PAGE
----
SENVA Scientific Report 2004

Both CWI/SEN2 and INRIA/VASY are conducting research on the formal specification and computer-aided verification of safety-critical systems. They share a common approach based on the established theory of process algebra. However, a distinctive mark of their work is the particular effort to create a bridge between theory and applications, especially by developing robust software tools (the CADP and mCRL toolsets) and assessing the capabilities of their tools on complex, industrial case-studies. The goal of SENVA is to join and coordinate workforces in order to ensure a stronger impact at the European and world levels.

In 2004, we explored four scientific directions.

1. High-level specification languages

By now, the CADP and mCRL toolsets use similar, but incompatible input languages. CADP supports LOTOS (an ISO standard for the specification of telecommunication protocols) while mCRL supports the mCRL language (a formalism widely used in The Netherlands). A suitable goal is to reach consensus on a common formalism, the "SPART language" (Standard Process Algebra Research & Tools), that would ultimately replace both LOTOS and mCRL. Taking into account that LOTOS and mCRL are relatively old languages (designed in 1989 and 1993, respectively), the SPART language should benefit from the latest advances in terms of formal methods and language semantics. Also, the SPART language should be suitable for both theorem proving (in which CWI/SEN2 has a strong expertise) and enumerative verification (which is the core of research done at INRIA/VASY).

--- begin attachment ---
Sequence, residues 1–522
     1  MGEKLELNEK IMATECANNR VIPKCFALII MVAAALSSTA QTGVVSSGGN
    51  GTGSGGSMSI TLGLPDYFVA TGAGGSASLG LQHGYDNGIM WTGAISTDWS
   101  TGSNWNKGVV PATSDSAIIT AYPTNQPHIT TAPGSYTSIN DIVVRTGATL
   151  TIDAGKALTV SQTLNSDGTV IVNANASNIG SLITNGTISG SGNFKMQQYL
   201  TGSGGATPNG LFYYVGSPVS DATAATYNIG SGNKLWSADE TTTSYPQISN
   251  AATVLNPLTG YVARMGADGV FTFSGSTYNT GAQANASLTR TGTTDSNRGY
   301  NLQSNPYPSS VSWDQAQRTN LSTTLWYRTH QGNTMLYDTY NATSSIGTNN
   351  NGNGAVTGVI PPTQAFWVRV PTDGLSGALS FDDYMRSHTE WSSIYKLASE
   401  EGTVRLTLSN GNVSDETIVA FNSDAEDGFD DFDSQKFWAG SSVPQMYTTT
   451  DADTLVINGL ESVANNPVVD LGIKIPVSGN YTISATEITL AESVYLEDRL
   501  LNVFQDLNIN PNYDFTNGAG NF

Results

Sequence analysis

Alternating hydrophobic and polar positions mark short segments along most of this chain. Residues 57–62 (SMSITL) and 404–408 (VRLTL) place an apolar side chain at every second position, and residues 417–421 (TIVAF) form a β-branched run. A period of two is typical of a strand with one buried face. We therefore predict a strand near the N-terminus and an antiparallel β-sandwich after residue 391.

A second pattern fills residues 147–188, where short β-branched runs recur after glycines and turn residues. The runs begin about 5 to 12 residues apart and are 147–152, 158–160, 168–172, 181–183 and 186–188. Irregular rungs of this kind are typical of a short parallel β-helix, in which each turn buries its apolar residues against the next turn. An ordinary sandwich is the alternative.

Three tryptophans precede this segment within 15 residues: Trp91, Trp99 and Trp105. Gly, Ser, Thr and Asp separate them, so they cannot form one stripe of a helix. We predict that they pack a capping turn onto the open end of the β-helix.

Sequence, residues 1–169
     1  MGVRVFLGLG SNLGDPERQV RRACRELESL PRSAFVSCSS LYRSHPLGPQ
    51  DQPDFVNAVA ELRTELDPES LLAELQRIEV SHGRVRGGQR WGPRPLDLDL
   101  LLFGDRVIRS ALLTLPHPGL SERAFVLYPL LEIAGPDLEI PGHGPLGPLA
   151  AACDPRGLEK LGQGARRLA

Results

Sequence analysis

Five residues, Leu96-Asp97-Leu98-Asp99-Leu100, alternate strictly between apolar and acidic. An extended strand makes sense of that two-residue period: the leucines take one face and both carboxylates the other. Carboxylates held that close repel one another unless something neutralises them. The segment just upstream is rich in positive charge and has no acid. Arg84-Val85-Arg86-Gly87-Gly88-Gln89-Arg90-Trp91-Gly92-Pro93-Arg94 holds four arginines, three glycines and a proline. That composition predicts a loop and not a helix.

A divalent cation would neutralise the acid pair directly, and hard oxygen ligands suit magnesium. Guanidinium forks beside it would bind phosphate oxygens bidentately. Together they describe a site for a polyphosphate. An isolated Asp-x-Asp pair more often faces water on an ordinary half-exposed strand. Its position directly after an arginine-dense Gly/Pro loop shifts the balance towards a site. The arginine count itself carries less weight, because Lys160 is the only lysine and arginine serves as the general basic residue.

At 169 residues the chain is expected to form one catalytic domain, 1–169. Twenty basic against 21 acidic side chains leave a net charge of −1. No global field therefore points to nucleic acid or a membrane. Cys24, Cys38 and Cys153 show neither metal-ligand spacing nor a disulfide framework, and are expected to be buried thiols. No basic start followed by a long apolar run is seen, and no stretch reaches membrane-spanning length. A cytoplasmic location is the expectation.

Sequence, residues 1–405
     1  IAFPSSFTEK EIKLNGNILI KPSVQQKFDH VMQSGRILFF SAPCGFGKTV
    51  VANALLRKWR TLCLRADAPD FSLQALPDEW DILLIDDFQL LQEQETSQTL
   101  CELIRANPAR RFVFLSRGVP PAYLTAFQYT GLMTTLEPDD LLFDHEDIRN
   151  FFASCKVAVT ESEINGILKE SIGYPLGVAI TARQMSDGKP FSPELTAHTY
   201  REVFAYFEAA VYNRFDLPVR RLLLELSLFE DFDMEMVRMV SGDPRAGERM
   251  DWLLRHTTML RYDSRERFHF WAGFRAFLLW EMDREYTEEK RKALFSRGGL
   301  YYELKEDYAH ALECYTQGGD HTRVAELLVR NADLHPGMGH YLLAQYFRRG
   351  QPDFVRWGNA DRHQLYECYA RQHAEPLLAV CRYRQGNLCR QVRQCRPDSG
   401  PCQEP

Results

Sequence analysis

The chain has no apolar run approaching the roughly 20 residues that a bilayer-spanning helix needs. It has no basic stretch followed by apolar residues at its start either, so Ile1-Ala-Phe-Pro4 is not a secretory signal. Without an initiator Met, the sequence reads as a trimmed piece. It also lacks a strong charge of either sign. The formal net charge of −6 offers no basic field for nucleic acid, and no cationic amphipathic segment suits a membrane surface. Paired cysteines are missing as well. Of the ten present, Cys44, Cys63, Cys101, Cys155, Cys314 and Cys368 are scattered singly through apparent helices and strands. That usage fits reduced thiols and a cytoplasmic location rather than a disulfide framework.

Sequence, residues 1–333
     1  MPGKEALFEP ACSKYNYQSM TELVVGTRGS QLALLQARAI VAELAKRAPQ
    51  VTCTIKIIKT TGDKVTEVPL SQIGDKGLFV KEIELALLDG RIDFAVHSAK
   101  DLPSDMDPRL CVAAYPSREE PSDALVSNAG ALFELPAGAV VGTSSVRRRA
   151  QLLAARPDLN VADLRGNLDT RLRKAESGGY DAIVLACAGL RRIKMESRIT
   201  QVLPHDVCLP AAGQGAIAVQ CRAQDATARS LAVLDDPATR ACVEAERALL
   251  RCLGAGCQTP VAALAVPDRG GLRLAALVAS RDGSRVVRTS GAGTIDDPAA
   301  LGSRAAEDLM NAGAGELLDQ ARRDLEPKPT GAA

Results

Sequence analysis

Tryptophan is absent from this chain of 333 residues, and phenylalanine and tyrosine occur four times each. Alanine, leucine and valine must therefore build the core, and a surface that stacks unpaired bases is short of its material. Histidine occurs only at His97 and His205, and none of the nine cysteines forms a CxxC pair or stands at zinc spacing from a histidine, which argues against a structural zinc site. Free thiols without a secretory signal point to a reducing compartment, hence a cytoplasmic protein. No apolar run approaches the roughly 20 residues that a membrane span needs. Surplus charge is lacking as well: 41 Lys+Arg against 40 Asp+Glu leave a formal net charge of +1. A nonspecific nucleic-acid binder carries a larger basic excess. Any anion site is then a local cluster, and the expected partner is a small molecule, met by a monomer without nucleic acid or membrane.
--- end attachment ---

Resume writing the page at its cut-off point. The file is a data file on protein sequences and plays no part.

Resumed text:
In 2004, we built a dedicated Web site which contents management features to hold the discussion on the definition of the SPART language. Three electronic, web-based questionnaires have been activated in order to start a structured discussion, involving not only members of SENVA, but also of the "Universitaet des Saarlandes" (Saarbruecken, Germany) and LAAS-CNRS (Toulouse, France). These questionnaires focus on the causes of the "crisis" of process algebra and the goals, risks, and expected benefits of the SPART initiative.

Six thematic forums have been spawned off in order to enable a more interactive discussion of some particular technical points, such as the description language for data (abstract data types vs. functional languages, iteration vs. recursion, priorities, etc.) or real-time. After voting, all participants agreed on the goals and usefulness of the SPART approach.

However, in 2004 the situation has evolved considerably due to new facts:

Due to these events, the work undertaken by SENVA on SPART has been suspended until it will become clearer whether it fits or not in the new research strategy that will be adopted by SEN2.

2. Minimization tools for transition systems